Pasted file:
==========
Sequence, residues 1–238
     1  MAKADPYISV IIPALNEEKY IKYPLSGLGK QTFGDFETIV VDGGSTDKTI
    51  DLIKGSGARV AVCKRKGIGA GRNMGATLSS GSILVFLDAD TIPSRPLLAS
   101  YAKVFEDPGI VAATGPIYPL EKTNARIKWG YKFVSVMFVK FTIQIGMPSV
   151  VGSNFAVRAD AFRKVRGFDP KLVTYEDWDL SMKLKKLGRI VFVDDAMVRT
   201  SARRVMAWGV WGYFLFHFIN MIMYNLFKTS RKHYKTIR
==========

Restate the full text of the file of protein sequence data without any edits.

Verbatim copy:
Sequence, residues 1–238
     1  MAKADPYISV IIPALNEEKY IKYPLSGLGK QTFGDFETIV VDGGSTDKTI
    51  DLIKGSGARV AVCKRKGIGA GRNMGATLSS GSILVFLDAD TIPSRPLLAS
   101  YAKVFEDPGI VAATGPIYPL EKTNARIKWG YKFVSVMFVK FTIQIGMPSV
   151  VGSNFAVRAD AFRKVRGFDP KLVTYEDWDL SMKLKKLGRI VFVDDAMVRT
   201  SARRVMAWGV WGYFLFHFIN MIMYNLFKTS RKHYKTIR